Does Removing Gluten Affect My Dental Health?

Dental Health
By: Spirit Dental
August 9, 2017

A young woman smiling and pointing at her teeth

You already know that what you eat can affect the health of your teeth and gums. But when it comes to gluten, in particular, is there anything that you should worry about? Should you be eliminating gluten from your diet for the sake of your teeth, even if you aren’t sensitive to it or you haven’t been diagnosed with celiac disease? We’ve got the answer to this important question below.

Gluten: A Threat to More Than Just Your Gut

When most people think of gluten and its effects on the body, they tend to focus on the digestive tract, but researchers have found that gluten sensitivity might also have an effect on the mouth. Who knew?!

  • According to a study that was published by the European Journal of Internal Medicine, around 85% of individuals suffering from celiac disease have tooth abnormalities or damaged enamel. Other research has found that kids who have celiac disease also tend to have greater amounts of bacteria and plaque that might contribute to gum disease and tooth decay, and the disease could affect their primary teeth and their permanent teeth.
  • Those who have an intolerance to gluten may end up having to deal with a variety of oral health problems if they don’t cut out (or at least reduce) foods that contain gluten, such as wheat and grains. Oral problems could include those that affect tooth enamel because gluten may disrupt your body’s ability to effectively absorb or produce certain minerals and vitamins, such as vitamin D and vitamin K, which are necessary for strong teeth and healthy gums.
  • In addition to damaged or rough enamel, other symptoms could develop as a result of gluten sensitivity or celiac disease. These include inflammatory gum disease, canker sores, tooth discoloration in the form of brown or yellow spots, and bad breath. There might also be structural defects like large pits or deep horizontal grooves.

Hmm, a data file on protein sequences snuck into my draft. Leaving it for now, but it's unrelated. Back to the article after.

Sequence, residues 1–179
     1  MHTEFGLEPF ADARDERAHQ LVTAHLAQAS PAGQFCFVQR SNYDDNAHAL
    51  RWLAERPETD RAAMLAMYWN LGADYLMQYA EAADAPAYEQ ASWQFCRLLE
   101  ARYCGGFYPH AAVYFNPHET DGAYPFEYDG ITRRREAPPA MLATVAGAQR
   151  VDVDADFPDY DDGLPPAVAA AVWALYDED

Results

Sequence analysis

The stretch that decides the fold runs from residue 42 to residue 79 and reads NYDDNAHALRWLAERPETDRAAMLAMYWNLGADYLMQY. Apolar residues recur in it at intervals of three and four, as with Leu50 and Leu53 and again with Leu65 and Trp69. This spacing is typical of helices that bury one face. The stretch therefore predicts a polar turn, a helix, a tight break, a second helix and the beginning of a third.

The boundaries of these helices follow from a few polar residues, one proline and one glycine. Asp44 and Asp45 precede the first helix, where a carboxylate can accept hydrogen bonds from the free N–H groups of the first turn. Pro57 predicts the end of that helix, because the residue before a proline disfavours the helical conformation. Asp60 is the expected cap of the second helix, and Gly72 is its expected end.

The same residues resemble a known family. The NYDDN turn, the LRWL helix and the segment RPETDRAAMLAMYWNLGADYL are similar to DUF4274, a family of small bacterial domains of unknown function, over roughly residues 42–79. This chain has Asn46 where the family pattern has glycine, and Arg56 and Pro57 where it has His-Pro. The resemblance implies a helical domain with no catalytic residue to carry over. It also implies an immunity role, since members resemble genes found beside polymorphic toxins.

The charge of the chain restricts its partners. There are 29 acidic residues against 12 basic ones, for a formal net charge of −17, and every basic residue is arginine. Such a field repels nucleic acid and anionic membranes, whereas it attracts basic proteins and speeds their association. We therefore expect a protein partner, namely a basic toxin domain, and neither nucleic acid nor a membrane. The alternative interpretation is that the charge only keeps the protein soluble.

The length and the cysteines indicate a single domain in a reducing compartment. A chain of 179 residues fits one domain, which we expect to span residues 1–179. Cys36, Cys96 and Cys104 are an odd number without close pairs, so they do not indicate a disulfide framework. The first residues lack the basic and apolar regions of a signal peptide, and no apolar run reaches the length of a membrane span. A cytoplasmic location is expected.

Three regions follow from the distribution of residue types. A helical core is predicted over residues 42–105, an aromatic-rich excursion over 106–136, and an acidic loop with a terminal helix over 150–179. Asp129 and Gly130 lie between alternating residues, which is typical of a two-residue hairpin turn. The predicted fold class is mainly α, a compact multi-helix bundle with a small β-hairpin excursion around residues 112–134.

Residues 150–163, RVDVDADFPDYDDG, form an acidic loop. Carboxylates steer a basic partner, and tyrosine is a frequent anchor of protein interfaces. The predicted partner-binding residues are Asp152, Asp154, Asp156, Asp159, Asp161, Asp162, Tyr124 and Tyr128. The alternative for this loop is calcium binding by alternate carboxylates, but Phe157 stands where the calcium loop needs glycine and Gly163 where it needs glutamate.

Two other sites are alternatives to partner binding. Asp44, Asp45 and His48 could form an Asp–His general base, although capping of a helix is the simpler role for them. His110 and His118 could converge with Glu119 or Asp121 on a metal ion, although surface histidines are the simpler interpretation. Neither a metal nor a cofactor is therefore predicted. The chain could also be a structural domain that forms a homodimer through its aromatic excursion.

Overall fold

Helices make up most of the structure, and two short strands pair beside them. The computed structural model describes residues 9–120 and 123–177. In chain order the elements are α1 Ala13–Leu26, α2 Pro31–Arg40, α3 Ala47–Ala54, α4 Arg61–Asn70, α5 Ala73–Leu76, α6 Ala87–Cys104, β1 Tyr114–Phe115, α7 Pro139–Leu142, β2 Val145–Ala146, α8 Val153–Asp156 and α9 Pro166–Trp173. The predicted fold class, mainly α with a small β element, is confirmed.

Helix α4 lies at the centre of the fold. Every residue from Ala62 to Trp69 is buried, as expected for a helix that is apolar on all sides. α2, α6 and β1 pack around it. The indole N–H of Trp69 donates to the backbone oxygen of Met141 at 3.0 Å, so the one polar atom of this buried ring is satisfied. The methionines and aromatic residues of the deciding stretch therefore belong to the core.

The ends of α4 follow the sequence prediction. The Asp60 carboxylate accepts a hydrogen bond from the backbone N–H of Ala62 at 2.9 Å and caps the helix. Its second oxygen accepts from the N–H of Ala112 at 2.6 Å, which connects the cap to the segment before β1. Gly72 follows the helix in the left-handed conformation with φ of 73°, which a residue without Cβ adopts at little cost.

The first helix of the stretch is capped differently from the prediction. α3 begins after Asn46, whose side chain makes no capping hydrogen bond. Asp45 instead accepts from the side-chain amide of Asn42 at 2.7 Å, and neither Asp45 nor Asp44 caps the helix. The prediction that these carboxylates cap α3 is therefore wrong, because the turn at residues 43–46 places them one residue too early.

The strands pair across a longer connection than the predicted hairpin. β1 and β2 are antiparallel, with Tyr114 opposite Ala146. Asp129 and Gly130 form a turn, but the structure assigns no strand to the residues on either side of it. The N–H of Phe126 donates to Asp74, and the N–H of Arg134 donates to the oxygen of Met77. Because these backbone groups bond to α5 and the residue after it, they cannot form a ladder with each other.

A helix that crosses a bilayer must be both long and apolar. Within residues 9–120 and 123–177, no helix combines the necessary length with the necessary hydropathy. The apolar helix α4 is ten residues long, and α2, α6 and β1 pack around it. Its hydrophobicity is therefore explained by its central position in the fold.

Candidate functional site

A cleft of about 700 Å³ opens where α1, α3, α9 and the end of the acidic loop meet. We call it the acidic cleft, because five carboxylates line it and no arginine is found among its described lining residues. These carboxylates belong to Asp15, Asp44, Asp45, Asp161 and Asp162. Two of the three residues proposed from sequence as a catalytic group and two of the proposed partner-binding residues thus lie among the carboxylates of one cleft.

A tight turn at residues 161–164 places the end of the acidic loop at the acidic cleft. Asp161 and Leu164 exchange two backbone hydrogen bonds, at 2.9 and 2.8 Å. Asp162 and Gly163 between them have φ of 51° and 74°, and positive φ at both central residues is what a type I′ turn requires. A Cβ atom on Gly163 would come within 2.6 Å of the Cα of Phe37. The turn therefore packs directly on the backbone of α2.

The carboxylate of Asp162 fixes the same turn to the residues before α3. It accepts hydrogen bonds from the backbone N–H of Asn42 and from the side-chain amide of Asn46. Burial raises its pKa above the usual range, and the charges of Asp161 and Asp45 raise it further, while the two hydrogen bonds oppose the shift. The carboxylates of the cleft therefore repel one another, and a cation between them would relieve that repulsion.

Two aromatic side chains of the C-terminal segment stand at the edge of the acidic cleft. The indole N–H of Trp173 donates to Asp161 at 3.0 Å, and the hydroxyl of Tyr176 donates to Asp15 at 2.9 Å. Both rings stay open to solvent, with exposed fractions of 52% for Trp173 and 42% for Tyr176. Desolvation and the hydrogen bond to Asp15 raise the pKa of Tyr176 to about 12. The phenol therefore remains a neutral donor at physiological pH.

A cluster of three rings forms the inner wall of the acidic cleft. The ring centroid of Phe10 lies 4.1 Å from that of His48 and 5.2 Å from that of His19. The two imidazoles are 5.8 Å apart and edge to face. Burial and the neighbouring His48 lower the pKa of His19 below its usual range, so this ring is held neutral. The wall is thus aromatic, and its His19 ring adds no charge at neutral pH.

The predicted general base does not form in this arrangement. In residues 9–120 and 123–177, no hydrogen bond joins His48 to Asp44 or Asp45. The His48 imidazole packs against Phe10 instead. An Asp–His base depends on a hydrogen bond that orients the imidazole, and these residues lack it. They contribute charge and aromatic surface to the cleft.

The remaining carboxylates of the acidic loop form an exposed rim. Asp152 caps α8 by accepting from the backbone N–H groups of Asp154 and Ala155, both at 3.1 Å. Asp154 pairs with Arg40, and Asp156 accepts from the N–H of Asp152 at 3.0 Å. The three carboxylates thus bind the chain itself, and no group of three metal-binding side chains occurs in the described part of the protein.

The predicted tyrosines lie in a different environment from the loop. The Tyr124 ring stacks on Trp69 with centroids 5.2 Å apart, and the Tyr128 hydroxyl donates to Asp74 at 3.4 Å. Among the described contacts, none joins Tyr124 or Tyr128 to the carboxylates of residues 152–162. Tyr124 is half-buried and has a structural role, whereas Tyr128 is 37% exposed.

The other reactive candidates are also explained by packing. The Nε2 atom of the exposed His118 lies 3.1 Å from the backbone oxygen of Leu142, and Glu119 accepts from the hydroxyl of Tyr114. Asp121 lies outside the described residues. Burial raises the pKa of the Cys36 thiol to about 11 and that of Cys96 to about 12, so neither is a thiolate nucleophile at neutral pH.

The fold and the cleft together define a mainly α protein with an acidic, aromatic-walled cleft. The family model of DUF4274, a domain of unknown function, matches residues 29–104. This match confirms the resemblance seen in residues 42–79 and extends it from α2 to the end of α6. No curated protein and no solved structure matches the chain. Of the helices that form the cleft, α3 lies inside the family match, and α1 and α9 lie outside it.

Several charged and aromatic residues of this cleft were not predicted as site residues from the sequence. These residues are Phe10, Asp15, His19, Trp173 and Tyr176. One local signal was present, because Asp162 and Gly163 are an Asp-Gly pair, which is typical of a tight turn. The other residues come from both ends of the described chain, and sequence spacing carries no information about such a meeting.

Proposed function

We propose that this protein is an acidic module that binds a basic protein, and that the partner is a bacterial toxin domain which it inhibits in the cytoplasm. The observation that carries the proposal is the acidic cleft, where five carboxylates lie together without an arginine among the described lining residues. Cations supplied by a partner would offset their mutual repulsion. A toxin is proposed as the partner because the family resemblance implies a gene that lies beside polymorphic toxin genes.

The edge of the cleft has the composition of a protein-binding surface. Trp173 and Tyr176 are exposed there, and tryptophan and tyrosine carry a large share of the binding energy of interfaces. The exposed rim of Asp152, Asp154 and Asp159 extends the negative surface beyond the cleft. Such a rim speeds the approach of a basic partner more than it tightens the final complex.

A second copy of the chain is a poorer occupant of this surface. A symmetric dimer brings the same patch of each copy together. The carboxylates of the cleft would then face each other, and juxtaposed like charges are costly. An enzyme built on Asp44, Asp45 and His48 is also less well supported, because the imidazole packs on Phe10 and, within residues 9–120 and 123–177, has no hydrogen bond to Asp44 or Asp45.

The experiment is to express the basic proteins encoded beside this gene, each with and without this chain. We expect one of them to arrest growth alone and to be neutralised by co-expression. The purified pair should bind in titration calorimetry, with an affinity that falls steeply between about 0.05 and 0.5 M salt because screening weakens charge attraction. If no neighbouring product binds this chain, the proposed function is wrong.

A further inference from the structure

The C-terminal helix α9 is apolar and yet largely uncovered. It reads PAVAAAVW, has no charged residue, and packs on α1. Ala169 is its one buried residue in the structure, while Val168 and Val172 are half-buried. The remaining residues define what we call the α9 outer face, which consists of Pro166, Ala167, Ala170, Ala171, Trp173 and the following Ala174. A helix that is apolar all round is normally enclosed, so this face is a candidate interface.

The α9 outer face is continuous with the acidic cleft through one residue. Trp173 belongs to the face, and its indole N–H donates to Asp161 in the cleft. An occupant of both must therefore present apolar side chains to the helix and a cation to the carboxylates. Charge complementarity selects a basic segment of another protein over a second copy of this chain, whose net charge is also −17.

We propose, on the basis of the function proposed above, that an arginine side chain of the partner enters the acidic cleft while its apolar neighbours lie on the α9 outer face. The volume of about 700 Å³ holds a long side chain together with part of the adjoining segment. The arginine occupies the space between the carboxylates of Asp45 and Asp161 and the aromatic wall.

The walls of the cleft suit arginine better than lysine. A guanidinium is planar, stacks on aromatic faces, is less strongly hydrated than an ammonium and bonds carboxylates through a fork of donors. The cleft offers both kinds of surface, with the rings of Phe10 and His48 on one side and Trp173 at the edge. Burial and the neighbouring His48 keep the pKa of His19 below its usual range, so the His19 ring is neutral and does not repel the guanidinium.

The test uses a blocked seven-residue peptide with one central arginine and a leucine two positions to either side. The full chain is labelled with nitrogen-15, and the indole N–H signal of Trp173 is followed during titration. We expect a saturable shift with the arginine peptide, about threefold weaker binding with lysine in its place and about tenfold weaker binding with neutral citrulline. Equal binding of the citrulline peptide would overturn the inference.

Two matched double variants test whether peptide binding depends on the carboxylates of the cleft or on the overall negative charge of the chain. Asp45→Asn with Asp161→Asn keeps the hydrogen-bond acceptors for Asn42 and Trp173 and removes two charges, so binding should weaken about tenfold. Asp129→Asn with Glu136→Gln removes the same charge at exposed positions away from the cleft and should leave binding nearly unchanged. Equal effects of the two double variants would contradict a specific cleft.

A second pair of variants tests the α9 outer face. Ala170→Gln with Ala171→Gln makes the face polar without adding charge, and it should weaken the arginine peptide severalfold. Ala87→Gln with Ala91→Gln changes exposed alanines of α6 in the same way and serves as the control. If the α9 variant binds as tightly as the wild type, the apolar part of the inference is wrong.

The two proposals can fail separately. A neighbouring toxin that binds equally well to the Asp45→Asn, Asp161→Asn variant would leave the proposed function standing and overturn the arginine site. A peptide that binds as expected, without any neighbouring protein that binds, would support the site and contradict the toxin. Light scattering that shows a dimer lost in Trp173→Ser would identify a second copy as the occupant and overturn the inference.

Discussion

• What’s also interesting is that celiac disease may cause defects that will often affect the first molars and incisors, and the damage will appear in a sequential or symmetrical form, rather than in an asymmetrical or random pattern.

Test Things Out by Ditching Gluten

If you already think that you might be sensitive to gluten because you are experiencing some symptoms, but you aren’t entirely sure, you can always experiment with cutting it out of your diet and seeing if your health, including your oral health, improves.

If you have already been diagnosed with gluten intolerance or celiac disease and you have not yet eliminated all gluten from your diet, you may find that your symptoms improve once you do, so it is worth taking that extra step.

Whether or not you are sensitive to gluten, reducing gluten in your daily diet might be beneficial to the health of your teeth and gums. In fact, for some people, dental problems may be the first sign that they are gluten intolerant, so going on a test diet might be really insightful.

Keep Seeing Your Dentist to Keep Your Teeth Strong!

On top of watching what you eat, seeing your dentist at least twice a year—especially if you have gluten sensitivity—could help you stay on track when it comes to maintaining your smile. A combination of checkups and cleanings will help remove debris from the gums and teeth, and your dentist can keep a close eye on the strength of your enamel as well.

It’s amazing how diet can affect so many different aspects of your health. If you think that you might be sensitive to gluten, it’s best to talk to your doctor so you will know what extra steps you’ll need to take to protect those pearly whites.


Search for Resources


Senior Dental Health
Eye Health
Children's Dental Health
Dental Health